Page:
DBA Tips Archive for Oracle


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by Michael New, MichaelNew@earthlink.net, Gradation LLC



The -LOGON option was added to SQL*Plus in Oracle9i to help alleviate attacks and break-ins by hackers. By default, when a users attempts to log in to the database using SQL*Plus with an invalid username/password combination, the database displays the error message:

C:\> sqlplus scott/badpassword SQL*Plus: Release - Production on Fri Jul 18 17:11:08 2003 Copyright (c) 1982, 2002, Oracle Corporation. All rights reserved. ERROR: ORA-01017: invalid username/password; logon denied Enter user-name:

The attempt to log in to the database errors out, but the username prompt remains. After three attempts, the return goes back to the operating system prompt. However, until then, the username prompt remains. Most security conscious organizations consider this bad policy, especially when running batch programs. In cases like this, it is a strict requirement that the application return to an OS prompt as soon as the first error is reported.

Using the LOGON Option

This is where the new -LOGON option introduced in Oracle9i comes into play. The -LOGON option is used to stop attempting connecting to the database after the first failure. Using the above example, we could log in to SQL*Plus using the following syntax.

C:\> sqlplus -s -LOGON scott/badpassword ERROR: ORA-01017: invalid username/password; logon denied SP2-0751: Unable to connect to Oracle. Exiting SQL*Plus C:\>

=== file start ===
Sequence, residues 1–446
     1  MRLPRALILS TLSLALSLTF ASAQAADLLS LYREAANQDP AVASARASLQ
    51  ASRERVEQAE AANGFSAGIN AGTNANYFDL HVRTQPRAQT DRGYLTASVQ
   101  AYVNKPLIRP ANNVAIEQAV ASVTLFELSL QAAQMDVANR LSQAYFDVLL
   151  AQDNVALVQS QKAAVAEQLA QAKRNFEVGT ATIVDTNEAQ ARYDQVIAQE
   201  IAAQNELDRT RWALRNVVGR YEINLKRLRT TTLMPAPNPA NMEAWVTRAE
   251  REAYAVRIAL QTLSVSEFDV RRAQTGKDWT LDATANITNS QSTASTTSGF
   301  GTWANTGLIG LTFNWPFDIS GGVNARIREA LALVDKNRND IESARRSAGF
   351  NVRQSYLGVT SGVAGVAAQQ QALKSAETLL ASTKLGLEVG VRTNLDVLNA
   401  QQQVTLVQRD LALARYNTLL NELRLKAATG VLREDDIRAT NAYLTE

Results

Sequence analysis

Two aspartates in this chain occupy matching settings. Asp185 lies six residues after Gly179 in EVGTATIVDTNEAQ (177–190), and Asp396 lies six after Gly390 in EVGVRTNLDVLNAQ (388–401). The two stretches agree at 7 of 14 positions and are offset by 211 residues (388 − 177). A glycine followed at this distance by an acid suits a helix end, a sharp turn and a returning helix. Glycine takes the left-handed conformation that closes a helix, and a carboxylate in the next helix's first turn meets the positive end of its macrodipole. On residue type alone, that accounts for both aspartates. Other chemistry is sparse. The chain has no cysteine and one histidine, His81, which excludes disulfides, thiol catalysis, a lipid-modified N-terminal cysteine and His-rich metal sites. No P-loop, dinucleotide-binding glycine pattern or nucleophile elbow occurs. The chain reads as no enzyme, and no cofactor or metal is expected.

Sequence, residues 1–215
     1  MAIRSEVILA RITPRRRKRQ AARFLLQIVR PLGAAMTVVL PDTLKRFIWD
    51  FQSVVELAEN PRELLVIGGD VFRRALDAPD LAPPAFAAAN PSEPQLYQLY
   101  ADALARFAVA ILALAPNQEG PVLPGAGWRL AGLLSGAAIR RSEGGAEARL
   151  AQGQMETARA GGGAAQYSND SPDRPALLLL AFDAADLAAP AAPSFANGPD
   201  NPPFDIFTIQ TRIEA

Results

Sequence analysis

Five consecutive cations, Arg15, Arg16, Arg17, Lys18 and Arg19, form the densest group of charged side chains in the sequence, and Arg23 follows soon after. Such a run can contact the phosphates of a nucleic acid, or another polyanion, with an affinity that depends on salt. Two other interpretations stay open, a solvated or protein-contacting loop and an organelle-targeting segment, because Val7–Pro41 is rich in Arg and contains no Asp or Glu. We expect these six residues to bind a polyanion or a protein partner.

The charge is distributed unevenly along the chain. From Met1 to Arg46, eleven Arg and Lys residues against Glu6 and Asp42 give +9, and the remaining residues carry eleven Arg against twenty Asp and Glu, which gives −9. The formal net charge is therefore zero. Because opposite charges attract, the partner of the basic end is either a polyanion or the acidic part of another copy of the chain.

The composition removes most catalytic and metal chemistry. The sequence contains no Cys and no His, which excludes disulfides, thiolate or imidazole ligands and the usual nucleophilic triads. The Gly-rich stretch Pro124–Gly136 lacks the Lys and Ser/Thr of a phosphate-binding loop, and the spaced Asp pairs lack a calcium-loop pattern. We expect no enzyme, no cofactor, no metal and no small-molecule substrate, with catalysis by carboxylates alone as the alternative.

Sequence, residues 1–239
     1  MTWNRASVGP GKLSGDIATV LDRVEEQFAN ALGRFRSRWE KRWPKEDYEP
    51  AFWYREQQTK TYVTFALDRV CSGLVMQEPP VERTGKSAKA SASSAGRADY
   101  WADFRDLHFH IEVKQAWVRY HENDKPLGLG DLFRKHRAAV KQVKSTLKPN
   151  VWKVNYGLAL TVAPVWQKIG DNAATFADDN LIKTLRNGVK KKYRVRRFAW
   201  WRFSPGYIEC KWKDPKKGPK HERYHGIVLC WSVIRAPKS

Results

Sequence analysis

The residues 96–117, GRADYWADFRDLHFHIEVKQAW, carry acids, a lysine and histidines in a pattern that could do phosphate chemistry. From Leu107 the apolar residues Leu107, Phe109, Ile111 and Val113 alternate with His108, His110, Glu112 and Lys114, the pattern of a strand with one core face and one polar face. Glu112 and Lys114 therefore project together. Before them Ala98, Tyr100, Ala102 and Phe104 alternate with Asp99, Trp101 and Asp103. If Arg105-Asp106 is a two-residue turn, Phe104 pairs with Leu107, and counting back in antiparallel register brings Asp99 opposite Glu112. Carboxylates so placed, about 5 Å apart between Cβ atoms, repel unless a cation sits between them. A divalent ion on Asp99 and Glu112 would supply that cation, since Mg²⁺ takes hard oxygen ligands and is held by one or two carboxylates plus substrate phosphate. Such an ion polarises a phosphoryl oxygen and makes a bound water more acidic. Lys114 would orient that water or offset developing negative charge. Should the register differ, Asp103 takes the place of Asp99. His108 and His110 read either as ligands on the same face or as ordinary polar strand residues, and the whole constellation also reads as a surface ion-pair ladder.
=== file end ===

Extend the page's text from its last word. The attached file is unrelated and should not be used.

In the above example, you can see that when the connection fails, regardless of the reason, the control returns to the operating system immediately after reporting the error - the username prompt is not displayed.

The -LOGON option can also provide usefulness in writing a script to automate the checking of a database's availability. A common approach used by DBAs is to have a shell script with something similar to the following.

sqlplus -s scott/tiger@oradb1.mycompany.com

If the connection does not succeed for some reason, because either the listener is down or the database is down, or because the userid and password combination is wrong, the script does not return to the operating system prompt. In an automated script, it will hang, making the script useless. Using the -LOGON option here can make the script useful in these automated situations.

About the Author

Jeffrey Hunter is an Oracle Certified Professional, Java Development Certified Professional, Author, and an Oracle ACE. Jeff currently works as a Senior Database Administrator for The DBA Zone, Inc. located in Pittsburgh, Pennsylvania. His work includes advanced performance tuning, Java and PL/SQL programming, developing high availability solutions, capacity planning, database security, and physical / logical database design in a UNIX / Linux server environment. Jeff's other interests include mathematical encryption theory, tutoring advanced mathematics, programming language processors (compilers and interpreters) in Java and C, LDAP, writing web-based database administration tools, and of course Linux. He has been a Sr. Database Administrator and Software Engineer for over 20 years and maintains his own website site at: http://www.iDevelopment.info. Jeff graduated from Stanislaus State University in Turlock, California, with a Bachelor's degree in Computer Science and Mathematics.

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Last modified on
Tuesday, 04-Sep-2012 00:25:48 EDT
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